Among all turtles, terrestrial turtles (such as the ornate box turtle) have the widest possible dietary freedom and seem to readily consume a wide range of foods. Incorporating fruits into their diet in an amount not exceeding 15% of their total dietary intake is considered acceptable. Grapes would offer these turtles some benefits; however, it is important to feed them a highly varied diet, so they shouldn’t be offered just grapes for their fruit intake.

Potential Risks of Feeding Grapes to Turtles

The risks of grapes unfortunately outweigh the benefits they offer. For young turtles, the correct ratio of protein and fat is crucial to ensure that they grow properly. Unfortunately, most fruits don’t offer enough of either of these nutrients, and a young turtle fed too many fruits will likely end up obese.

Furthermore, the low calcium (when compared to phosphorus) in grapes will predispose a pet turtle to conditions like metabolic bone disease, which leads to a compromised shell. This is made worse by the fact that grapes are naturally very high in oxalates, which are compounds which further limit the absorption of calcium within the body. These downsides render grapes as an occasional treat at best, and a health risk if fed too frequently or in excess.

Finally, even if fruits are safe for a turtle to consume (depending on their species), they should always be fed sparingly, as overconsumption of fruits can lead to diarrhea and other digestive issues for pet turtles.

washing fresh grapes
Image credit: giedre vaitekune, Shutterstock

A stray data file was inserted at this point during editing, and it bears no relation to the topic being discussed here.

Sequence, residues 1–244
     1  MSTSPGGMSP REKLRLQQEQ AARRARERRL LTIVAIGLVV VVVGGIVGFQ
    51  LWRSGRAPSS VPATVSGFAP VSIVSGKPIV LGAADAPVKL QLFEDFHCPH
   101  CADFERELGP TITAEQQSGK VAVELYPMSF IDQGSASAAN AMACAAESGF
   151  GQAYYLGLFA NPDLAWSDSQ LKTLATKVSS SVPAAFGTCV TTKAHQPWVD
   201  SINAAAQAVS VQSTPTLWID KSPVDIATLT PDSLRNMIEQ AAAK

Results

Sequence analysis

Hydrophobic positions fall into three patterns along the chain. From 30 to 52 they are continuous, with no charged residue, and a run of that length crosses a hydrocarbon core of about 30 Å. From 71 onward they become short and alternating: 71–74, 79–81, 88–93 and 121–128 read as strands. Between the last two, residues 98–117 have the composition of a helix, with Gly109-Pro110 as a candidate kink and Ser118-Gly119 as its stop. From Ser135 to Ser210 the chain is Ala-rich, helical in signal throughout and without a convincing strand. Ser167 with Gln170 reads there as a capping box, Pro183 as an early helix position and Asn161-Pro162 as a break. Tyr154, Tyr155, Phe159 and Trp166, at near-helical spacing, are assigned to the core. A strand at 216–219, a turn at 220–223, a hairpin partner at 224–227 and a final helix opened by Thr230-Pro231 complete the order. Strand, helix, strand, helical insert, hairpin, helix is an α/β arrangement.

What’s the Best Way to Introduce Grapes Into Your Turtle’s Diet?

If you do wish to incorporate grapes into your pet’s diet, here’s the best way to go about doing so. As a rule of thumb, fruit for pet turtles should be prepared much in the same way it’s prepared for human consumption.

  • Only feed your turtle fresh, raw grapes. Do not offer them grapes in the form of candy or any processed foods that contain grapes (such as grape flavored jam).
  • Wash the grapes thoroughly.
  • Chop them into small pieces, depending on the size of your turtle’s mouth.
  • Serve!
  • Ensure you remove any uneaten fruit after a period of no more than 4 hours. Fruit tends to spoil much faster than vegetables do.

Though turtles can safely consume the seed of most fruit, it is best to not offer this to your pet. The skin of grapes is safe for turtles to consume, though.

For determining frequency of feeding, it is best to consult your veterinarian, as many factors, such as your turtle’s age, species, health status, weight, metabolic status, reproductive status, and any underlying health issues (to name a few), will play a factor in determining how many grapes are safe for them. As a rule of thumb, if you’re not sure about your turtle’s nutritional requirements, it’s not appropriate to add new items (particularly fruit) into their diet.


Final Thoughts

Like many fruits, grapes are safe for omnivorous and herbivorous turtles. However, their nutritional benefits are largely overshadowed by their nutritional downsides. Therefore, grapes and other fruits should only be fed to your turtle in moderation after discussing their incorporation into your pet’s diet with your veterinarian.

See Also: 


Featured Image Credit: Pexels, Pixabay